Understanding more about the needs and wants of customers can help supply chain leaders make informed decisions, improve inventory management, and increase profitability. In recent months, conversations about how to improve forecasting in the supply chain have focused on a subject: demand sensing. However, what is demand sensing? In its most basic sense, it’s about sensing demand based on variables in supply and demand, but that’s only half the concept. The remainder lies in understanding what demand sensing means for current supply chain and inventory management operations and how to utilize demand sensing best.
Deficiencies in the Supply Chain Derive From Inaccurate, Poor Forecasting Methods
Failures in the supply chain derive from problems in supply and demand management. Peaks and lulls in consumer orders result in longer shelf-life for products in warehouses. During peaks, demand is so high that the company may run out of stock, and items are back ordered. Unfortunately, a cause for increased lead time for products is a result from over-ordering, so in this back and forth situation, carrying costs continue unchecked. While long-term forecasting is still crucial to supply chain management, supply chain leaders need a way to refine the short-term forecast, within 56 days, to reflect the realistic demand of products. At the same time, millions of SKUs, thousands of vendors, and globalization have made manual inventory tracking and forecasting obsolescent. This is where demand sensing comes into play.
Demand Sensing Leverages New Methodologies and Data to Enhance Models
Demand sensing automates the process and leverages new technologies, including automation in the warehouse, to achieve speed and accuracy in forecasts, resulting in decreased lead time. According to Arindam Sen of HD Tech, demand sensing refers to the use of mathematics and real-time data to calculate forecasts with greater accuracy. In other words, it’s a concept similar to the application of analytics to understand what products customers want, but demand sensing is based on supply and demand variability. Instead of traditional demand forecasting, demand sensing goes back to using updated data to create more accurate, short-term forecasts. These forecasts apply to purchase and procurement, so the warehouse can restock and reorder products to meet consumer demand. This helps enterprises manage the effects of fluctuation without sacrificing long-term success and plans.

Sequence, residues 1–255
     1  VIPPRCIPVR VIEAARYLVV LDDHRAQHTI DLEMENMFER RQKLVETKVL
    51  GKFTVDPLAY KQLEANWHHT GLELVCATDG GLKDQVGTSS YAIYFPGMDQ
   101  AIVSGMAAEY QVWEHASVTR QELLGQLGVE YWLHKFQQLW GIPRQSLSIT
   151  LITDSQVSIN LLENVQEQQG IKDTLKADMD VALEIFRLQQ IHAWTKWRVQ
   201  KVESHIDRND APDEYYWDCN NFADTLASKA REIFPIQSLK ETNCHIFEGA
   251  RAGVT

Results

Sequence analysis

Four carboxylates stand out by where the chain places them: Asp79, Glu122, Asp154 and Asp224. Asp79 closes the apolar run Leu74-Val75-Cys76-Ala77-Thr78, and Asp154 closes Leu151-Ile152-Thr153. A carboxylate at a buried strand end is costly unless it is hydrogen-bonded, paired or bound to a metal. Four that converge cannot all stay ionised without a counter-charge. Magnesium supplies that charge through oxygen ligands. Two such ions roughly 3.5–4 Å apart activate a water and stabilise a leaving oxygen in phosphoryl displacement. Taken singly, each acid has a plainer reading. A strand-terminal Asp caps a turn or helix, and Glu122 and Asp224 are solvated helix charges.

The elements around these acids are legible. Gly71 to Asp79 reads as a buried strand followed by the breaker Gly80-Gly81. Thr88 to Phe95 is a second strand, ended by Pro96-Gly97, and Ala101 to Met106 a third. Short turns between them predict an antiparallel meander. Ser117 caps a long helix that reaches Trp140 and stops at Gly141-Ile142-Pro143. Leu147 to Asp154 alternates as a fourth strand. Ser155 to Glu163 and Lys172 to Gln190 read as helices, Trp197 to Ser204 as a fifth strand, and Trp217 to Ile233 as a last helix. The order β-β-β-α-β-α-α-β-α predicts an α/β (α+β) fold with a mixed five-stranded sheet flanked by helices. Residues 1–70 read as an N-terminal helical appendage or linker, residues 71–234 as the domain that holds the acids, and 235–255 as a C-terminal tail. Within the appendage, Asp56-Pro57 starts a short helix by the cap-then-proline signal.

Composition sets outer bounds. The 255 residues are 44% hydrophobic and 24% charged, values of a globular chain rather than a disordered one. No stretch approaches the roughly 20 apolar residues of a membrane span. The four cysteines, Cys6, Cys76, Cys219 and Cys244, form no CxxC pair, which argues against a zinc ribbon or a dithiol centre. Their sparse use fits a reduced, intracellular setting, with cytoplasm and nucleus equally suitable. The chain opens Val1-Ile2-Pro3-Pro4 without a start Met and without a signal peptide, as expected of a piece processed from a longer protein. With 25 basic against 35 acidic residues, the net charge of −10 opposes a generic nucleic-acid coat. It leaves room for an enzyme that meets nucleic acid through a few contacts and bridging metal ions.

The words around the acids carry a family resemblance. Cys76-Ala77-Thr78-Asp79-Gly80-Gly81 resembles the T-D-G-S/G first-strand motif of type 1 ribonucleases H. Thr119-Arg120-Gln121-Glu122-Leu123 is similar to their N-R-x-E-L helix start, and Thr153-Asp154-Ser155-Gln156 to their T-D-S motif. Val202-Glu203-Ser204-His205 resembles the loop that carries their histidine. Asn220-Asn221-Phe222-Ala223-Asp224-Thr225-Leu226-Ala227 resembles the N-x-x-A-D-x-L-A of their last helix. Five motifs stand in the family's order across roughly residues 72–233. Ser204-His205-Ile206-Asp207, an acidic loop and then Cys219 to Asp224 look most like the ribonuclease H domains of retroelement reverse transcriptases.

Applied in conjunction with inventory and slotting optimization, companies can move toward a just-in-time inventory management model. This effectively lowers carrying costs and enhances the responsiveness of the supply chain. Of course, supply chain leaders still need to know to put the power of demand sensing to work in the modern supply chain.
How to Go From “What Is Demand Sensing” to “How Can I Take Advantage of Demand Sensing”
Many arguments have been made that the value of demand sensing makes it less opportunistic than other improvements in the supply chain. Unfortunately, that concept is nothing shy of a dominant myth, and retail giants, like Nike, have successfully leveraged demand sensing to cut lead times by half and achieve double-digit growth, notes Emma Cosgrove of Supply Chain Dive. Nike’s version of demand sensing uses rapid prototyping and connected systems, leveraging real-time data, to refine replenishment and increase flexibility in the supply chain. Executives can learn from Nike’s example by following these key steps:
- Integrate your WMS with other supply chain systems.
- Collect real-time data from all operations and channels.
- Focus on product lead-time.
- Know the basics of demand sensing, including automated, real-time forecasting and continuous refinement of forecasts, in vetting vendors that offer demand sensing.
- Work with suppliers and vendors to collect data and streamline replenishment activities.
Put the Power of Demand Sensing in Your Supply Chain to Work
Demand sensing is a term that predates analytics, but it is an invaluable resource and way of managing inventory, mainly replenishment, in supply chains. Executives need to leverage technology and software to use demand sensing to drive lead times down and move other inventory optimization processes into the 21st century.
Jason Rosing is a founding partner of Veridian; a valued Manhattan Associates partner and technology leader specializing in user-friendly, robust and flexible automated testing and configuration management solutions designed to meet the ever-changing challenges of the omni-channel landscape.
This article originally appeared on the Cerasis blog.